“The Last Dance," the miniseries that was made with Jordan’s approval, airs on ESPN in the U.S. and Netflix in many countries around the world, but the Chinese distribution is controlled by Tencent Holdings Ltd., the social media giant in the NBA’s most lucrative foreign market. The timing couldn’t have been any better in the U.S., where the shutdown of American sports is nearing two months, and the same was true in China for a reason that had nothing to do with infectious diseases.

NBA fans in China were especially desperate to watch 1990s basketball since they’ve had so little basketball to watch this year. After the general manager of the Houston Rockets tweeted his support in October for protesters in Hong Kong, the Chinese government reacted with fury, pulling NBA games from national airwaves as relations between Washington and Beijing deteriorated. The NBA still hasn’t returned to Chinese state TV, and Tencent’s schedule remains limited.

But no player was more instrumental in making the NBA big in China than Jordan. CCTV first started airing Finals games during the reign of the Bulls—or, as the Chinese called them, the “Red Oxen"—and Jordan became nothing less than a deity in sneakers. Now a documentary about him is such a hit that millions of people have been unknowingly reading the work of Aiqi Sun.

Sun translated the first episode, which focused on Jordan’s time at UNC, and the eighth hour that premieres on Sunday. He was uniquely qualified for the job. Some translators unfamiliar with college basketball would struggle with the name of Dean Smith. Sun is not one of them. “Piece of cake," he said.

But he soon learned that not everything would be as simple as “Dean Smith" or “traveling cocaine circus."

The first issue he encountered was American slang. The second was the folksy tongue of Roy Williams.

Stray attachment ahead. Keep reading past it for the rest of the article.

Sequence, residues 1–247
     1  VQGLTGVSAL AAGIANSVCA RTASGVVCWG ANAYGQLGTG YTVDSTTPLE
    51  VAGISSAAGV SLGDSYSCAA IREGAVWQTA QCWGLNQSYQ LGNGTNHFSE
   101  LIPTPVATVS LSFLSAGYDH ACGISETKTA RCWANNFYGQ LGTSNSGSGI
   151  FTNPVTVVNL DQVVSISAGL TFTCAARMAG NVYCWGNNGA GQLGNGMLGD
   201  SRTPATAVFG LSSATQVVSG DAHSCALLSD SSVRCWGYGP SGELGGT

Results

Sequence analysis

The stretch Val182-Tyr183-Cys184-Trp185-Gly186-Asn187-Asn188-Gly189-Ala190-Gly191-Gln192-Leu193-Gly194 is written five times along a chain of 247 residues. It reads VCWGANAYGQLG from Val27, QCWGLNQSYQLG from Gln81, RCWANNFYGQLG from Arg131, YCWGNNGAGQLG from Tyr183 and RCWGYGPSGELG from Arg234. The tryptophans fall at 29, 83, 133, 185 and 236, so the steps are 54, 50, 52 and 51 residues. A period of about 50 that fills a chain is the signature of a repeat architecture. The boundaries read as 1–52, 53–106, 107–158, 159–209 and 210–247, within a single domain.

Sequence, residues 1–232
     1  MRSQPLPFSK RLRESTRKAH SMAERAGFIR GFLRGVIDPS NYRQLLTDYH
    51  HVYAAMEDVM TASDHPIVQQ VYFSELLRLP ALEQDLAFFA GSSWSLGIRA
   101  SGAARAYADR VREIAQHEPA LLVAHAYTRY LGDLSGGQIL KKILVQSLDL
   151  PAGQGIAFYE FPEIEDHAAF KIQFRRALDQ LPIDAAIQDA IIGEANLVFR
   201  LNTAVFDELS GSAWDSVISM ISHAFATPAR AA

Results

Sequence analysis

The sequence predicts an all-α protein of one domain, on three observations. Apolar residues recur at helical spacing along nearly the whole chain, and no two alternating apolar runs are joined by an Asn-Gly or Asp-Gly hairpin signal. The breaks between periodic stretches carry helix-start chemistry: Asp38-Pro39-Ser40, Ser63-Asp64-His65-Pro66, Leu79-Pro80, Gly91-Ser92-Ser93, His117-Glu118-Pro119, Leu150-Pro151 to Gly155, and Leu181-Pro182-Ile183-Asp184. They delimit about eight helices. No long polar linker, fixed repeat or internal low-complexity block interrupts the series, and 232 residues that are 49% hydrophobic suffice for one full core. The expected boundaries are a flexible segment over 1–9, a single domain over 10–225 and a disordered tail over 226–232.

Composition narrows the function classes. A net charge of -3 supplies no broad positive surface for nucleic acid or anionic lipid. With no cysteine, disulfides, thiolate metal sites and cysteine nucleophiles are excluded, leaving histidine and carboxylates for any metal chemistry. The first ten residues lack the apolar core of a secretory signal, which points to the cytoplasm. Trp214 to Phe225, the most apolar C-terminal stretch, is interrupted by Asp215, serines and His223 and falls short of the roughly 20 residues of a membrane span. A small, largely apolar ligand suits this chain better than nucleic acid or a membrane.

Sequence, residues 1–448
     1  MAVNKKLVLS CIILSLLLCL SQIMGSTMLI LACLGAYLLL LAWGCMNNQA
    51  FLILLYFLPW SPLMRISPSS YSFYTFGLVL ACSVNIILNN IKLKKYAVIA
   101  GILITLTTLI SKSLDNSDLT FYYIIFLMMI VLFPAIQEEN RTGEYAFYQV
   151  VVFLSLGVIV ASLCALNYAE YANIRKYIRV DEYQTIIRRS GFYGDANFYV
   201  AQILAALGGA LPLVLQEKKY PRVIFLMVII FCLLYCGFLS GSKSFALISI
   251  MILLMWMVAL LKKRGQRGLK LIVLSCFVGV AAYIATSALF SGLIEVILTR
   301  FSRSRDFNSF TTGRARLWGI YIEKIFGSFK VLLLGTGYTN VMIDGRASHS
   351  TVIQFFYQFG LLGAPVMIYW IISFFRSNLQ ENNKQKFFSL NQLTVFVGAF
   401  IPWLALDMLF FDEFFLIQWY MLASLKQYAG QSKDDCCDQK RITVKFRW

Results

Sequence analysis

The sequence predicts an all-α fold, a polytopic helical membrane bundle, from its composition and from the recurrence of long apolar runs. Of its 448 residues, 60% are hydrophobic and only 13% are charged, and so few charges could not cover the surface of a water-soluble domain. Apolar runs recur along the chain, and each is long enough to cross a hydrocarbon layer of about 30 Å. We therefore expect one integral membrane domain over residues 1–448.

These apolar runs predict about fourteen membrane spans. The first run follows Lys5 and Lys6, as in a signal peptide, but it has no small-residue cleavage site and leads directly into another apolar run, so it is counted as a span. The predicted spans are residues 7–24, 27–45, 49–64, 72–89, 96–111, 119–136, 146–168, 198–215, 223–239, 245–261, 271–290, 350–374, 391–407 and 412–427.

When he looked at the script for the documentary’s first episode, Sun couldn’t help but stare at one quote from the UNC basketball coach. This is what Williams said: “Michael Jordan is the only player that could ever turn it on and off—and he never frickin’ turned it off." This is how it read in Chinese after Sun was done with his linguistic wrangling: “Michael Jordan is the only player in history who can decide his level of performance solely by himself—and he’s always on fire."

Jordan’s freshman year ended with him sinking the game-winning shot in the 1982 national championship. Sun’s freshman year ended with him taking exams with only four other people in his dorm. He stayed on campus after UNC’s classrooms became Zoom windows, and his plan is to spend a few more weeks in North Carolina before he attempts to return home for the summer—and finally gets to watch his own work.

But over his Thanksgiving break, when he didn’t have time to fly back to China, Sun took a shorter trip instead. He went to his very first NBA game. It was a matchup between the Detroit Pistons and Charlotte Hornets—the team owned by Jordan. Sun couldn’t believe how the whole experience translated.

“A real live NBA game," he said, “is so much different than watching on a tiny TV screen."

This story has been published from a wire agency feed without modifications to the text.